Successfully summoning an out-of-state witness to testify in Texas is a chore. Texas Code of Criminal Procedure, Article 24.28 is entitled Uniform Act to Secure Attendance of Witnesses from Without State. Section 4 provides our authority to subpoena a witness from another State. The process is error-prone and rarely guaranteed. Nonetheless, your out-of-state witness may be the lynchpin of your case. To this end, some insight into the logistical pitfalls may save you hours of work and millimeters of stomach lining. Of course, the following is only a primer to assist in understanding the scope of the problem. It won’t substitute for your independent research.
First, you’ll need to build a sister-State team. A licensed attorney and investigator in the State where your witness is located are your most indispensable assets. They do the heavy lifting. Consequently, chose dependable and committed people you can trust. An experienced lawyer is worth their weight in gold. Pay them whatever they want . . . the peace-of-mind is worth it. I’ve had success working with federal or state public defender offices in the sister-State. They know what’s at stake and how much you are depending upon them. Plan on 30-90 days to obtain the out-of-state subpoena and to serve your witness. In addition, you are responsible for making witness travel arrangements and paying for their room and board. Be prepared to pay for these expenses in advance and be poised to assure the sister-State judge these expenses are covered.
The next step (and easiest) is filing an application for the out-of-state witness with the applicable Texas court in which your case is pending. The application must assert the witness possesses material evidence. The application must assert the last know location of the witness, how long they are needed, and through which States they must travel to arrive in Texas. The application must also assure these States will give the witness protection from arrest and service of civil and criminal process in connection with matters arising before their entrance into said State. The template I used for this application was obtained from the “Investigator Desk Reference Manual,” Austin, TX: Texas District & County Attornys Association, Merillat, A. P. (2006). The Texas court judge must then issue a certificate stating these facts are true and enter an order advising the sister-State judge that the presence of the witness is necessary for the administration of justice. This certificate may also include a recommendation the witness be taken into immediate custody and be delivered to an officer of Texas to assure their attendance in court.
Following this, a certified copy of the Texas certificate must be filed in the county where your witness is located. The presiding judge in that jurisdiction will conduct a hearing to determine whether the witness is material, necessary, and whether complying with the subpoena would cause the witness undue hardship. Your sister-State attorney will determine the proper titles for these documents, complete the filing in the appropriate county, and get a hearing date set. In addition, your investigator must coordinate with the attorney in locating the witness and bringing them before the sister-State court for the hearing. Sometimes the witness can waive their appearance and agree to be served. Otherwise, the witness must appear at the courthouse and participate in the hearing. After the application hearing occurs the presiding judge there will issue a summons (subpoena) for the witness to appear in Texas. Your investigator then serves this summons on the witness. It directs the witness to appear for testimony as outlined in your original Texas application. The final problem is getting the witness on the bus, plane, or train to transport them to your jurisdiction. Often times the witness may have never traveled on a bus or airplane before. This is where your trusted sister-State investigator can help assure the witness makes the bus stop or boarding gate on time with their ticket, boarding pass, itinerary, and proper identification in hand.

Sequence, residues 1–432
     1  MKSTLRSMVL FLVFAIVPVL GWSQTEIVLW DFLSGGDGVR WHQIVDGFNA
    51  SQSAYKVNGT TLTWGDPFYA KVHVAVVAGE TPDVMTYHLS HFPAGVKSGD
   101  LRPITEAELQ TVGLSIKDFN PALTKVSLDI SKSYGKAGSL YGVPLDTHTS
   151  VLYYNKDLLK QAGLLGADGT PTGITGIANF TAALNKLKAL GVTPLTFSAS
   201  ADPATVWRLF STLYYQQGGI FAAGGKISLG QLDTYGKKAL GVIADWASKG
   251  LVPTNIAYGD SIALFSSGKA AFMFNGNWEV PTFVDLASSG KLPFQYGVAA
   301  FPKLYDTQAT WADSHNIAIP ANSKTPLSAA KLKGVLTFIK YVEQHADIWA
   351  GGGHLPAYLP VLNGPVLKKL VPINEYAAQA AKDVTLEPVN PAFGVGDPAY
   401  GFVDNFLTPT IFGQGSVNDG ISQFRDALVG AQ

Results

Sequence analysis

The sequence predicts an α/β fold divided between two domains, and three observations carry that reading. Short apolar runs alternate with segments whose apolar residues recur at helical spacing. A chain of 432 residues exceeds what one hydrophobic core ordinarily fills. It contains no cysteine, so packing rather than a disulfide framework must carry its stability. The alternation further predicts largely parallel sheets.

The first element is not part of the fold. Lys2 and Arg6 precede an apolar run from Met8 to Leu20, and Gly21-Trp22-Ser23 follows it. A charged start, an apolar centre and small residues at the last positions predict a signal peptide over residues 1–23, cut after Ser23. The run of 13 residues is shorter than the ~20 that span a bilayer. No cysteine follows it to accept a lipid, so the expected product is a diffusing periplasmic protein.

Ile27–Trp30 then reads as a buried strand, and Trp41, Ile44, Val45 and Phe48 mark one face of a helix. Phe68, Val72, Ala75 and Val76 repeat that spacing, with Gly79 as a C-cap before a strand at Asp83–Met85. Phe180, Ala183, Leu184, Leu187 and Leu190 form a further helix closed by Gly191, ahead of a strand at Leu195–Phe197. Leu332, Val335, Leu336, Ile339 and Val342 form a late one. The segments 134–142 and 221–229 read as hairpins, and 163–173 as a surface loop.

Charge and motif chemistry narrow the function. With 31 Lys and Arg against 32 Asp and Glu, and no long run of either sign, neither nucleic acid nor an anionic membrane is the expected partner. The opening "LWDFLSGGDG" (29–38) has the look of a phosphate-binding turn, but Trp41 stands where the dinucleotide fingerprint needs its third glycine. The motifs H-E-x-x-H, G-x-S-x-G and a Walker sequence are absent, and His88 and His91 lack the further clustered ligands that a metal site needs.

Building a reliable team and planning ahead are keys to success in securing the out-of-state witness for trial. In fact, your team is indispensable. Moreover, the relationships you build with them make this stressful process as smooth as possible. But even in the best of circumstances, you won’t know it worked until you lay eyes on the witness at the airport. Finally, you may be asked to return this favor someday. Aways be ready to help a fellow defense attorney in need.
(“Off the Back” featured in the “Voice For The Defense” October 2016)
Stephen Gustitis is a criminal defense lawyer in Bryan-College Station. He is Board Certified in Criminal Law by the Texas Board of Legal Specialization. He is also a husband, father, and retired amateur bicycle racer.
“Off the Back” is an expression in competitive road cycling describing a rider dropped by the lead group who has lost the energy saving benefit of riding in the group’s slipstream. Once off the back the rider struggles alone in the wind to catch up. The life of a criminal defense lawyer shares many of the characteristics of a bicycle rider struggling alone, in the wind, and “Off the Back.” This column is for them.